This keynote address will highlight some of the worldwide contributions made by marriage and family therapists, but more specifically focus on how MFTs of various nations can assist each other with their continuing development. An emphasis will be placed on what we all have to benefit from an ongoing mutual exchange.
A lively presentation will include video clips of national and international colleagues discussing their collaboration in the areas of research, education, training and clinical practice.
Frank Dattilio, PhD, ABPP, is one of the leading couple and family therapists in the world and is specifically known for his development with the Cognitive-Behavior Therapy model of treatment. He currently holds faculty positions with the Department of Psychiatry at Harvard Medical School and the University of Pennsylvania Perelman School of Medicine. He has close to 300 professional publications and 20 books in the areas of couple and family therapy and psychological disorders. To date, his works have been translated into 30 languages. Dr. Dattilio has lectured on just about every continent in the world and his works are used in over 80 countries.
He currently serves on the editorial boards of a number of professional refereed journals including The Journal of Marital and Family Therapy, Contemporary Family Therapy, and Couple and Family Psychology: Research and Practice. Dr. Dattilio has been the recipient of numerous awards for outstanding achievement in the fields of psychology and psychotherapy. He is also the 2010 winner of the Pennsylvania Association of Marriage and Family Therapist of the Year Award, as well as the recipient of the 2013 Outstanding Contribution to Marriage and Family Therapy Award through the American Association for Marriage and Family Therapy.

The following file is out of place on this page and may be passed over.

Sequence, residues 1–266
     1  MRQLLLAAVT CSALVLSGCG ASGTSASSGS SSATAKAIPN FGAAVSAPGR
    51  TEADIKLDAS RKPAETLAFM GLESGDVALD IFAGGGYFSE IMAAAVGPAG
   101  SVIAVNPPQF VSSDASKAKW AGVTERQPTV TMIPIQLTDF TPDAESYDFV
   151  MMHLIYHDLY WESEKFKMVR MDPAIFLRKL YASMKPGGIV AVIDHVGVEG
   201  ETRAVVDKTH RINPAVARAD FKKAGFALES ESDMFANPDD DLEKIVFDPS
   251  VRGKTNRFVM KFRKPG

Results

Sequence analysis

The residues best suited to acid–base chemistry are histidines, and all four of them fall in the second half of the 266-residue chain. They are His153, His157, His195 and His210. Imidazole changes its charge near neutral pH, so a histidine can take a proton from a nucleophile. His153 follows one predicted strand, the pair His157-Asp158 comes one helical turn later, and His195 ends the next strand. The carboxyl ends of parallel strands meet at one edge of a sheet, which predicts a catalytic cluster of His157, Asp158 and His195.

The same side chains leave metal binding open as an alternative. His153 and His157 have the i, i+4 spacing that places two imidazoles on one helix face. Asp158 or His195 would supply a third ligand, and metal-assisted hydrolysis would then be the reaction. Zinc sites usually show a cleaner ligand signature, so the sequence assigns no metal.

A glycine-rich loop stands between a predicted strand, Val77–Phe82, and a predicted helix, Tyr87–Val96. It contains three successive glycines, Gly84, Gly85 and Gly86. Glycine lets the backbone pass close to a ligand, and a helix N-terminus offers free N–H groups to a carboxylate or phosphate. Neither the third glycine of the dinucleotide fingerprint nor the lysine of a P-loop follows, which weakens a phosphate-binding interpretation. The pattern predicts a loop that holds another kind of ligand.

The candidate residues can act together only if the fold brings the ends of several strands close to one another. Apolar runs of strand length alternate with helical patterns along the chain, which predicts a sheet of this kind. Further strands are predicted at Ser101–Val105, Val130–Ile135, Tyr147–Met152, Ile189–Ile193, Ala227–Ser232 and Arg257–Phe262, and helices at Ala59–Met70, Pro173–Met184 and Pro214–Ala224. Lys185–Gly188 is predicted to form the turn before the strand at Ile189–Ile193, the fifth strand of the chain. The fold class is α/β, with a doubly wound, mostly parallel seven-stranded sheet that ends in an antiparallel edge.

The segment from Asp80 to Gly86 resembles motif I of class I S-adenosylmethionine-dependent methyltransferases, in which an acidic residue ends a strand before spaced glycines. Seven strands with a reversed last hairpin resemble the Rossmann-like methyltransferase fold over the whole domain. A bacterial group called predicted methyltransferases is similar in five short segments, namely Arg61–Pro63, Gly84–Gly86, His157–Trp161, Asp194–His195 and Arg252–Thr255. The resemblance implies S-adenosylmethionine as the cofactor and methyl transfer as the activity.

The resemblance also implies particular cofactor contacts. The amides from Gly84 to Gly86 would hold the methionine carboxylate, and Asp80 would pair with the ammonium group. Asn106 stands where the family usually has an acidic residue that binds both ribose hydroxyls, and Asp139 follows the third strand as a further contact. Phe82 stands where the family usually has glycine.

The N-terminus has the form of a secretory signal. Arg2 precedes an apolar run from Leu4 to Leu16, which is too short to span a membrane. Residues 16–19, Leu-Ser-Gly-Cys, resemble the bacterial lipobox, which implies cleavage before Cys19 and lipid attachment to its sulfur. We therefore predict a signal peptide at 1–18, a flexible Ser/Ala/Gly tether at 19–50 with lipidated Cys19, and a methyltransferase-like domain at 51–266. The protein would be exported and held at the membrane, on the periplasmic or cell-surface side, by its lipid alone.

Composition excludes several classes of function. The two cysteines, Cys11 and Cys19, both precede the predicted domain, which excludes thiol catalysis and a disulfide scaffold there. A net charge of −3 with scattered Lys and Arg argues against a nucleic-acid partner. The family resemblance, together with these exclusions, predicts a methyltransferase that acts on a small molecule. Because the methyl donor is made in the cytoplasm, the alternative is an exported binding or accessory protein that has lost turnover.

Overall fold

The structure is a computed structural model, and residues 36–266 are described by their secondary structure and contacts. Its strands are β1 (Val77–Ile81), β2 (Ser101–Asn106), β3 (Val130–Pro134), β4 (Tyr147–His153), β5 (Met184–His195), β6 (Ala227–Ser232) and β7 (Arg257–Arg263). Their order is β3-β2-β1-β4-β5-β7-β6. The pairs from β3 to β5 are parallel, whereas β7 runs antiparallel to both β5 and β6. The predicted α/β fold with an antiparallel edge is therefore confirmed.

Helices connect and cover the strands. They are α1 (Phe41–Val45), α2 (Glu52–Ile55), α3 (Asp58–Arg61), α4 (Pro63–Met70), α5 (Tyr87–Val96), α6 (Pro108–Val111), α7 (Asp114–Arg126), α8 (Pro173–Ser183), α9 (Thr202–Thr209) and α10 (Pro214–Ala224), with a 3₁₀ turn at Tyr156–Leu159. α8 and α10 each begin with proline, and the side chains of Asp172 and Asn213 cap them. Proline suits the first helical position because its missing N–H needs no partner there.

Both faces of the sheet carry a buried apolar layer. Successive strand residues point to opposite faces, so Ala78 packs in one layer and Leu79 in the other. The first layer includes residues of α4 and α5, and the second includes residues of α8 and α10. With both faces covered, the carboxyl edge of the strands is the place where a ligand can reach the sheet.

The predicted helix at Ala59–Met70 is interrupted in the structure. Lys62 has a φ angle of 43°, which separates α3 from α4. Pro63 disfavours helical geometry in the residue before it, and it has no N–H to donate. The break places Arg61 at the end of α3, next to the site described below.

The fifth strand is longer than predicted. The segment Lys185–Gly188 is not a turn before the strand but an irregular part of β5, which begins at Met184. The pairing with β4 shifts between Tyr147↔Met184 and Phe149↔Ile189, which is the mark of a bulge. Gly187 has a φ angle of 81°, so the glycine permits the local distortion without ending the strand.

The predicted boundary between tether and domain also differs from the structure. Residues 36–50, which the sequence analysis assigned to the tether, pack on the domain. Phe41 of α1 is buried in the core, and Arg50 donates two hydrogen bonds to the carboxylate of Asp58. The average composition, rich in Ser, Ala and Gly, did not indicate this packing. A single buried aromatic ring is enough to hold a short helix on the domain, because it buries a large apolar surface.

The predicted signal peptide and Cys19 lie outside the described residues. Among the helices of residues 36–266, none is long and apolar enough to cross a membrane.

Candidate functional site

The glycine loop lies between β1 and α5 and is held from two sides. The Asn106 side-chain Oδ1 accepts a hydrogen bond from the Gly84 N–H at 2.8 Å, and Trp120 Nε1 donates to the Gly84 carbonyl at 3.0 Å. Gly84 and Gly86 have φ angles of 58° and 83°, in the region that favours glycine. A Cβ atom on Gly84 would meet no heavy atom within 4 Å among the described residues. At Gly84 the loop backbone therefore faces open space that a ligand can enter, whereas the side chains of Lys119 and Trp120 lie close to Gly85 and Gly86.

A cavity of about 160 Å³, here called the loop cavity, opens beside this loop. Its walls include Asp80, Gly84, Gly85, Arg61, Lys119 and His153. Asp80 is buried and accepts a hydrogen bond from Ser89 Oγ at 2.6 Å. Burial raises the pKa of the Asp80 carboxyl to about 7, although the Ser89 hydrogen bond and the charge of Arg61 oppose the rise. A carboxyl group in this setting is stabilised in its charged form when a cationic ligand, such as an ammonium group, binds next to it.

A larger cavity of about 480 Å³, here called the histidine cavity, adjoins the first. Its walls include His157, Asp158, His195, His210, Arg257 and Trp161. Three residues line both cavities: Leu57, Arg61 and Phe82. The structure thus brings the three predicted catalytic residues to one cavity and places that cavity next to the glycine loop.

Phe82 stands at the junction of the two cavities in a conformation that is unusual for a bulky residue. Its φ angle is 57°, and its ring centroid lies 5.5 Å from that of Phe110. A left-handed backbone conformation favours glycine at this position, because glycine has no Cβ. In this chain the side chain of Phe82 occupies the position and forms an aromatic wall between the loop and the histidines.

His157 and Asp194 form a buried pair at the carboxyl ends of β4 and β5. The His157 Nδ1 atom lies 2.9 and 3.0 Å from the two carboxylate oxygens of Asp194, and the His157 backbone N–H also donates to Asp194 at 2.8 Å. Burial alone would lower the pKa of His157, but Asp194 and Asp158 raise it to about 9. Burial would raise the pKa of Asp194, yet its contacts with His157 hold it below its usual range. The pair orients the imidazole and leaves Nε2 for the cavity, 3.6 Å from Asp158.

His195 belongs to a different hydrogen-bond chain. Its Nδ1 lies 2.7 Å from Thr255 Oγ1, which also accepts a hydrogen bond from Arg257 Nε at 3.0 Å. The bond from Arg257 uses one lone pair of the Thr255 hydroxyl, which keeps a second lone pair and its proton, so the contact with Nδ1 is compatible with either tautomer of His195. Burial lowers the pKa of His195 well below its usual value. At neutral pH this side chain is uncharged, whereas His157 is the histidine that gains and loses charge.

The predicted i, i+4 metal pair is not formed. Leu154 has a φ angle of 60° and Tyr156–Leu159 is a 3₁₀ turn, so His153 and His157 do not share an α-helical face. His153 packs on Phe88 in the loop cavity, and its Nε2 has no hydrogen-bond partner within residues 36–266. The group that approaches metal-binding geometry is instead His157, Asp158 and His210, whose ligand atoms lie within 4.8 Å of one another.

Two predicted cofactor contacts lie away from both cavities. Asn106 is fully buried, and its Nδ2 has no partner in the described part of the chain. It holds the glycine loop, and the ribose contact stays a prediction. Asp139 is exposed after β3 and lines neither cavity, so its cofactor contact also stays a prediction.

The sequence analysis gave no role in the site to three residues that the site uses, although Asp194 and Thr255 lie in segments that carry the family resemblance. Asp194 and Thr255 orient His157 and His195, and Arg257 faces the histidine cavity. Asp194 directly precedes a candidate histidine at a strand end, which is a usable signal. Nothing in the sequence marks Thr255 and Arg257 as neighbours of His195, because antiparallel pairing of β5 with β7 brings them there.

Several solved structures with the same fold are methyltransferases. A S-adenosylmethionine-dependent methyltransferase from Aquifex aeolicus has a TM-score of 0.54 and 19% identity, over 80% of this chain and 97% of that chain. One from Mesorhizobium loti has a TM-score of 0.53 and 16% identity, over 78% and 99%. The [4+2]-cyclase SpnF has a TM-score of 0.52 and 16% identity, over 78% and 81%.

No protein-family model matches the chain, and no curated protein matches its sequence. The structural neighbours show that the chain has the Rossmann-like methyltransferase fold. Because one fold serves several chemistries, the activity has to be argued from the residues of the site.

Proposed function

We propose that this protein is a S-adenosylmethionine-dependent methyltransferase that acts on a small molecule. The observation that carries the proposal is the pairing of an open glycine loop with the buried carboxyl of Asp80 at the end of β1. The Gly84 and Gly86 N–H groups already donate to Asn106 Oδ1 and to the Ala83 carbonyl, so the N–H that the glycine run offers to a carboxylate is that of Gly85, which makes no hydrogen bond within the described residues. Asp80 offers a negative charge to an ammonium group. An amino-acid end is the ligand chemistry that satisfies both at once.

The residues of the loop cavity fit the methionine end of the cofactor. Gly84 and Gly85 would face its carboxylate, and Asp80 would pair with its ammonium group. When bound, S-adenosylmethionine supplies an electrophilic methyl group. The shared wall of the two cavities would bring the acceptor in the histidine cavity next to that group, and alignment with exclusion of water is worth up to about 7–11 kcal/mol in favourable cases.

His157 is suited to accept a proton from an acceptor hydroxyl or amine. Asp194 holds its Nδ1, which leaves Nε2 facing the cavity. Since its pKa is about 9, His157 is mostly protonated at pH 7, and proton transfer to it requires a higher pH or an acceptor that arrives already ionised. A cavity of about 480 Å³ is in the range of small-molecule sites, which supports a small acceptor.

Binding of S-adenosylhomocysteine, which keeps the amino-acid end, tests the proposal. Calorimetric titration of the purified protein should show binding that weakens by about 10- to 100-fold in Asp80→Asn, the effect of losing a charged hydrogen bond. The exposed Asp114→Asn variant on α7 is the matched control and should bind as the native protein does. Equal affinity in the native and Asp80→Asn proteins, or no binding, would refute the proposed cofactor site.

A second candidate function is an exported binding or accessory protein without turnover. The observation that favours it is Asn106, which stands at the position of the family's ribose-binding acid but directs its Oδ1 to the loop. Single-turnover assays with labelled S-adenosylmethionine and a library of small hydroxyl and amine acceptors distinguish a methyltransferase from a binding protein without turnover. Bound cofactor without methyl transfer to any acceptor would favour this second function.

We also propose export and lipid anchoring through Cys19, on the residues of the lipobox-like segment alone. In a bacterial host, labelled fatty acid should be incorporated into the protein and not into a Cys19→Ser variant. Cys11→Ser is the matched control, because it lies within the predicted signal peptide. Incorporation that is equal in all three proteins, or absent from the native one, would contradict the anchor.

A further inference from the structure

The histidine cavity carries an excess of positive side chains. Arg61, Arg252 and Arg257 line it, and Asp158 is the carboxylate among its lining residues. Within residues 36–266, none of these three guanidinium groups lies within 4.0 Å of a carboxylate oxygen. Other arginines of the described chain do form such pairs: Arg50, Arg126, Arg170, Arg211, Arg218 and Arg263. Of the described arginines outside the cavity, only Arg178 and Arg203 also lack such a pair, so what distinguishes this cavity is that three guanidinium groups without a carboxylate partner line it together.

Saturday, September 5, 2015; 4:45 - 6:15 p.m.: Love Wins: A Dialogue with Nelba Marquez-Greene
In what has become an all too frequent occurrence, December 14, 2012 was a day rocked by violence as 20 elementary school students and 6 adult staff members lost their lives in the deadliest school shooting in U.S. history. One of those children lost was 6-year old Ana, daughter of AAMFT Clinical Fellow Nelba Márquez-Greene. In the ensuing two and a half years, her life re-shaped by the tragic events, Ms. Márquez-Greene has been driven by her family motto “love wins” and a desire to ensure her daughter’s life is remembered twice as loudly as her death. Her journey has led her to every level of government, media, and the public to increase understanding and awareness to prevent violence and promote healing. Join us as AAMFT Past President Michael Chafin speaks with Nelba about her journey and ways she believes all mental health professionals can work to help prevent future tragedies.
Nelba Marquez Greene, LMFT is a Clinical Fellow of AAMFT and has worked in private practice, community mental health and academic settings in the U.S. and Canada. Nelba holds a Bachelor of Music from the Hartt School and a Master of Arts in Marriage and Family Therapy from St. Joseph College. Nelba was the founding member of the Connecticut Association for Marriage and Family Therapy’s (CTAMFT) Diversity Committee and has served on the CTAMFT Board of Directors. For her efforts, she has received the 2004 Minority Fellowship Award by the American Association of Marriage and Family Therapy (AAMFT), the 2004 Distinguished Professional Service Award and the 2013 Service to Families Award by the CTAMFT.
Nelba served as the Coordinator for Klingberg Family Therapy Center’s outpatient child and adolescent psychiatric clinic and was an adjunct faculty member at Central Connecticut State University. After the shooting that took her beloved daughter’s life, she and her husband Jimmy founded “The Ana Grace Project” with a goal to promote love, community, and connection for every child and family. Through adopting classrooms that focus on social and emotional learning, and hosting mental health conferences and professional learning opportunities, the Ana Grace Project not only believes that “Love Wins” – but also saves lives.